My thoughts as well regarding shorter is easier, I do have the ability to move bents with a telehandler, and I can borrow a mill that will cut up 45. My own is limited to 24 which is why Ive been contemplating the drawing on the left with the largest post being 22 roughly. Top plates would have scarf joints; entire foot print is 30x40. 

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Re: Tie Beam/Girt
« Reply #6 on: September 29, 2021, 11:56:35 PM »
Are you planning a second floor?  In the interior, do you need to clear span 30 feet?  If yes to either of these, I strongly suggest you have it engineered.  Is your picture just the gable end walls?  One section of my shop is 36 wide and 6 bents.  Three of the four interior bents clear span 36 feet.

I have a partial second floor and the bent in the middle of the floor is a special design so that it is clear span on the ground floor but supports the second floor.

This is the gable end of my shop.  White oak, continuous tie beam.  Ordered them from a mill in Kentucky.  One other note, do not use continuous common rafters because very long lengths will be a problem with warpage.  Break them up into two sections divided at the mid/summer plate(arrows).  And one other note, don't have the rafter tails extend beyond the wall.  As they shrink, they will make openings for bugs to come in in the fall and maybe even a bat.  Ask me how I know....   Instead stop them at the wall so you can close up your entire envelope, and if you want rafter tails, install them on the outside separately.


Anything someone can design, I can sure figure out how to fix!
If I say it\\\\\\\'s going to take so long, multiply that by at least 3!

Offline traded

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Re: Tie Beam/Girt
« Reply #7 on: September 30, 2021, 06:36:21 AM »
Thank you for the incite Brad, the bent drawn will actually be all four bents.  The barn will be for draft horses and minimal hay storage so the second floor will be completely supported.  First and Third bay will be 12' which will give me a 16' middle or second bay.  3 horse stalls on the northeast end with a tack/equipment room on the northwest corner and the remaining area will be open.  I'll include an interior drawing soon.

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Re: Tie Beam/Girt
« Reply #8 on: September 30, 2021, 10:04:51 PM »
Post a floor plan if you wish.  The pic above is part of my shop, but our horse barn is a bit different.  It has a center aisle.  With stalls and human rooms on either side.  That barn is about 38 wide.  No continuous ties. The center aisle was assembled first and on each side it was like two lean to's.  Then rafter.  There are a lot of things to consider for a horse barn.  Are you using automatic waterers?  We used stable comfort stall mattresses.  Wonderful.  What are you doing for stall walls/partitions?  Are you keeping them stalled in barn or will they be outside in a pen most of the time?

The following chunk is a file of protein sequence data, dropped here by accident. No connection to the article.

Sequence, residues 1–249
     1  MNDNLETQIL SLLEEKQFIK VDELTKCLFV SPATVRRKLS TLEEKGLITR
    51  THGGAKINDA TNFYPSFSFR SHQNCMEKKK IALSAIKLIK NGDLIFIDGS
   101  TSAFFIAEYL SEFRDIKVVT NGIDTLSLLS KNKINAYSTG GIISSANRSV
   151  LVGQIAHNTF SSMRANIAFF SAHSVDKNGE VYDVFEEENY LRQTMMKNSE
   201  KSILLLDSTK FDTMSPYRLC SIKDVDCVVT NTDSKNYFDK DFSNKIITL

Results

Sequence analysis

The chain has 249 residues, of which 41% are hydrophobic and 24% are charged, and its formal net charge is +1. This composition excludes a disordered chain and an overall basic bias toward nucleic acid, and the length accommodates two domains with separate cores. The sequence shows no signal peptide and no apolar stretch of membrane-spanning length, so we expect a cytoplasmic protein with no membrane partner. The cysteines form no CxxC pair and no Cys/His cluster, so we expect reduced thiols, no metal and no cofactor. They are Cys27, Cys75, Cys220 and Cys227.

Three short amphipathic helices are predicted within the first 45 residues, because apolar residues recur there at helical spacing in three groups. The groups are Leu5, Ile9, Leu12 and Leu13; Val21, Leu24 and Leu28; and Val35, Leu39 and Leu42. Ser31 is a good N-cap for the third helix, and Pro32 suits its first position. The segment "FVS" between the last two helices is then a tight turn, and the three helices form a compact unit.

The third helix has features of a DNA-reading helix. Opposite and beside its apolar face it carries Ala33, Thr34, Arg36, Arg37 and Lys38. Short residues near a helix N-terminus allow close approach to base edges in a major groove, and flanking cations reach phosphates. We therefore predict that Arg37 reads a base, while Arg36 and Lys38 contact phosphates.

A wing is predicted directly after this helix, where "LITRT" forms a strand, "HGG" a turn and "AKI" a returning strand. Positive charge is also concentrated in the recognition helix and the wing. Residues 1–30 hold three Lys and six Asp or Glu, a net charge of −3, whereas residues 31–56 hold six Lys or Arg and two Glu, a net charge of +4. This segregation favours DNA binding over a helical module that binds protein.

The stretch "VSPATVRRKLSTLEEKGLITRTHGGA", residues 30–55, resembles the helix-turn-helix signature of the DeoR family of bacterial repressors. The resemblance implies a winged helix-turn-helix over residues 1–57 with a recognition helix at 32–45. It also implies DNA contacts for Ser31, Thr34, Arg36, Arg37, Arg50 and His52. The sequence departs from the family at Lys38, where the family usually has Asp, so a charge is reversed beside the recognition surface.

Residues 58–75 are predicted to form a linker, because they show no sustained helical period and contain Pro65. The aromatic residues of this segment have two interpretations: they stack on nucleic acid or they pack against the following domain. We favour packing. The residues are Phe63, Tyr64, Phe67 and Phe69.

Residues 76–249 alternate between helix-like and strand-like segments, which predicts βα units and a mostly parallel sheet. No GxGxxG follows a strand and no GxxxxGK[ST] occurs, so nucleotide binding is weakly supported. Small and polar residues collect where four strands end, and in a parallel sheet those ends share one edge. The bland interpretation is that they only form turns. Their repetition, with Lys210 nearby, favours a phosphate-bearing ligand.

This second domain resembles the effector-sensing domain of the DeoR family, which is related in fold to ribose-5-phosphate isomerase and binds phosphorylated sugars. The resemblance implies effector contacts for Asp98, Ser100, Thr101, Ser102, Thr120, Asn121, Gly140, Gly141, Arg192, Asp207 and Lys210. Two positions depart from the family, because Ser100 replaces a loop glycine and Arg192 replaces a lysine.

Anything someone can design, I can sure figure out how to fix!
If I say it\\\\\\\'s going to take so long, multiply that by at least 3!

Offline traded

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Re: Tie Beam/Girt
« Reply #9 on: October 02, 2021, 08:28:11 AM »
When I get back to the house after this weekend Ill include pictures. The basic layout will be a 30x40 story and a half barn 9 first floor and 4 second floor.  Bays 1 and 3 will be 12 wide and bay 2 16. Bays 1 and 3 will have a second floor while bay 2 will be open to the roof.  Bays 1 will have 10x12 tack/equipment room and the remainder will remain open. Bay3 will have 3 10x12 stalls, we havent decided fully on design of stalls they will be used mainly for holding for farrier or a sick animal. 

Offline Jim_Rogers

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Re: Tie Beam/Girt
« Reply #10 on: October 02, 2021, 08:50:56 AM »
For your information.
Bays are the areas between bents, going long wall to long wall.
Aisles are the area between bent post going gable end to gable end.

Jim Rogers